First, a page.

Dynamics of upper limb spastic paresis post stroke: Mechanisms, measurement and treatment

Aukje Stephanie Andringa

    Research output: PhD ThesisPhD-Thesis - Research and graduation internal

    260 Downloads (Pure)


    Upper limb motor impairments are one of the most common impairments post stroke and occur in up to 80% of all patients. Motor impairments post stroke comprise negative and positive upper motor neuron features. The negative features involve deficit symptoms, such as loss of voluntary motor function, i.e. paresis, and the positive features encompass involuntary muscle overactivity. The combination of negative and positive features leads to the typical clinical presentation of spastic paresis, which shows a considerable, still unexplained, variability between patients and changes over time post stroke. Clinically, spastic paresis is characterized by a loss of motor function, increased resistance to passive joint movement (i.e. joint hyper-resistance), reduced passive range of motion and postural change. Spasticity is an important topic in stroke rehabilitation and is considered to be one of the forms of involuntary muscle overactivity that develops gradually post stroke. Although considerable research has been devoted to spasticity, the term on itself is inconsistently defined in both literature and clinical practice, and its pathophysiology is still poorly understood. Moreover, agreement on construct-valid outcome measures and effective evidence-based interventions is still lacking in the literature. Current clinical assessment of post-stroke spasticity is restricted to subjective ordinal rating scales, such as the modified Ashworth scale, assessing the total resistance to a manually applied passive joint movement. Unfortunately, this clinical scale is unable to distinguish between muscle overactivity, including spasticity and involuntary background activation, and altered tissue properties, the so-called neural and non-neural components influencing the perceived resistance to passive movement under passive conditions. Moreover, these scales show poor measurement properties with respect to reliability and responsiveness to change. To disentangle increased resistance to passive joint movement, i.e. joint hyper-resistance, in terms of neural and non-neural components is important for understanding underlying neurophysiological mechanisms during upper limb motor recovery and may impact treatment decisions. Instrumented assessment methods have been developed to address the drawbacks of current clinical scales. These methods allow for standardized assessment and can provide objective and quantitative information of the underlying neural and non-neural components of joint hyper-resistance. This thesis investigates instrumented assessment to clinically quantify the underlying neural and non-neural components of wrist hyper-resistance in patients in the subacute and chronic phase post stroke and explores its potential value for timely and patient-specific management of upper limb spastic paresis post stroke.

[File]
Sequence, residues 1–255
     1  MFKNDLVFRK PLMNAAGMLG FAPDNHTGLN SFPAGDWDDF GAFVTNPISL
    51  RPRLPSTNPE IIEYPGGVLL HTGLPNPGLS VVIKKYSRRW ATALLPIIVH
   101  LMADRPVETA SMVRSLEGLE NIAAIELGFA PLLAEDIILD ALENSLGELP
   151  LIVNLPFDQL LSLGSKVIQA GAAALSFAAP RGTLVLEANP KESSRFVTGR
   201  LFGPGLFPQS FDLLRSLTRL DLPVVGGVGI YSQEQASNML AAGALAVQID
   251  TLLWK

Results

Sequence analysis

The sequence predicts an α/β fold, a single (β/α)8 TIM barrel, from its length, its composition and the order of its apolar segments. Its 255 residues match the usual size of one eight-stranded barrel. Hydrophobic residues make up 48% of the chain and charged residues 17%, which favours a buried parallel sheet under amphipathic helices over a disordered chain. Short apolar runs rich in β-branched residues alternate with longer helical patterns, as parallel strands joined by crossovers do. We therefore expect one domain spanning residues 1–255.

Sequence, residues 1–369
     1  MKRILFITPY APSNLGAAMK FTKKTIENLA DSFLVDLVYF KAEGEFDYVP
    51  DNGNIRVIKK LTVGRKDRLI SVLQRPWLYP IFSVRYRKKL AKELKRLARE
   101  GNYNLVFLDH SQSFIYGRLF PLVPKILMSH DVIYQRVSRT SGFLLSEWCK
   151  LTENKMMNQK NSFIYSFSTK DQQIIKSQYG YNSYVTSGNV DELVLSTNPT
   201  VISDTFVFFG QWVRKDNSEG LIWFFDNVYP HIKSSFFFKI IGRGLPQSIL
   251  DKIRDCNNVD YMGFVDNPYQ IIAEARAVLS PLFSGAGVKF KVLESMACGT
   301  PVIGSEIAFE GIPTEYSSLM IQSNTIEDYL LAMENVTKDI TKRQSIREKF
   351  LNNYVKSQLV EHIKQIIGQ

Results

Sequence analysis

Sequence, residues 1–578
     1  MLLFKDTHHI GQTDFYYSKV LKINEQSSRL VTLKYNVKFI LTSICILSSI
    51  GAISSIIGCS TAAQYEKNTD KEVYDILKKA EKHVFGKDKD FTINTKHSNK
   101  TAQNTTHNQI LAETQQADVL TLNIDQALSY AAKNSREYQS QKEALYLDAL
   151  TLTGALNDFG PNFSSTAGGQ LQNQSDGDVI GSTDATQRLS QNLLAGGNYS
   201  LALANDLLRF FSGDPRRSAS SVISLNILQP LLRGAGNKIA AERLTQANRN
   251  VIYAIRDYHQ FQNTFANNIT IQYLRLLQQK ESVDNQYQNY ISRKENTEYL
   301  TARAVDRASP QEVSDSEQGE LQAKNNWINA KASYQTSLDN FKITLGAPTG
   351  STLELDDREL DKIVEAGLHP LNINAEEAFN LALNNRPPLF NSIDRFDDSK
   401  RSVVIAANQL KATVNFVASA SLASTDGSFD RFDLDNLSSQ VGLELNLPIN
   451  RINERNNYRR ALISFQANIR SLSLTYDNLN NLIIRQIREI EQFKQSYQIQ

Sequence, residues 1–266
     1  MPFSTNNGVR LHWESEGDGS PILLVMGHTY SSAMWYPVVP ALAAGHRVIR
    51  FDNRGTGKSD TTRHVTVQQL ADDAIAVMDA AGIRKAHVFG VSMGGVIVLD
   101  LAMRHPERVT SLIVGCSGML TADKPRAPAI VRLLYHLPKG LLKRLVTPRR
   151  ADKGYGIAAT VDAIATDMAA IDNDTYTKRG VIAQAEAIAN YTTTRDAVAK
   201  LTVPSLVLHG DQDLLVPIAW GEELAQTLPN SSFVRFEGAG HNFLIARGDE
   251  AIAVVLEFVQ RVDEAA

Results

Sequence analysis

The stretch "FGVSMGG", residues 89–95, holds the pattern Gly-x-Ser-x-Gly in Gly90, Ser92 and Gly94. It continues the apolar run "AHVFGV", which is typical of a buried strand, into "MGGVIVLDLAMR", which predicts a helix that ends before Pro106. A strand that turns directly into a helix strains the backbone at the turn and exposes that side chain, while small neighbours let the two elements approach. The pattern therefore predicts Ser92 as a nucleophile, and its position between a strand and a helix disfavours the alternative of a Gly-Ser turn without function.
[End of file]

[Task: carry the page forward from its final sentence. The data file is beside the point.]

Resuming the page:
Original languageEnglish
    Awarding Institution
    • Vrije Universiteit Amsterdam
    • Kwakkel, Gerrit, Supervisor, External person
    • van de Port, I., Co-supervisor, External person
    • Meskers, Carolus Gerardus Maria, Co-supervisor, External person
    Award date19 May 2022
    Place of Publications.l.
    Print ISBNs9789490791902
    Publication statusPublished - 19 May 2022


    • stroke
    • upper extremity
    • muscle spasticity
    • joint hyper-resistance
    • spastic paresis
    • assessment
    • biomechanics
    • botulinum toxin
    • rehabilitation


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